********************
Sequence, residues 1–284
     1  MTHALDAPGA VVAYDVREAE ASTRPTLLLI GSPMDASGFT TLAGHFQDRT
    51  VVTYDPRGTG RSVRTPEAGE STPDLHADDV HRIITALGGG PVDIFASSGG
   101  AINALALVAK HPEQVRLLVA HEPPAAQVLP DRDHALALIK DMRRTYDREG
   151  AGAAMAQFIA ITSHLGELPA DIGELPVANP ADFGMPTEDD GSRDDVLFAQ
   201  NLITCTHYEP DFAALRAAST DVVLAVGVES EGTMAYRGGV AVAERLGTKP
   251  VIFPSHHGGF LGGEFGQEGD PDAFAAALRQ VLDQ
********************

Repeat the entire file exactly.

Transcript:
Sequence, residues 1–284
     1  MTHALDAPGA VVAYDVREAE ASTRPTLLLI GSPMDASGFT TLAGHFQDRT
    51  VVTYDPRGTG RSVRTPEAGE STPDLHADDV HRIITALGGG PVDIFASSGG
   101  AINALALVAK HPEQVRLLVA HEPPAAQVLP DRDHALALIK DMRRTYDREG
   151  AGAAMAQFIA ITSHLGELPA DIGELPVANP ADFGMPTEDD GSRDDVLFAQ
   201  NLITCTHYEP DFAALRAAST DVVLAVGVES EGTMAYRGGV AVAERLGTKP
   251  VIFPSHHGGF LGGEFGQEGD PDAFAAALRQ VLDQ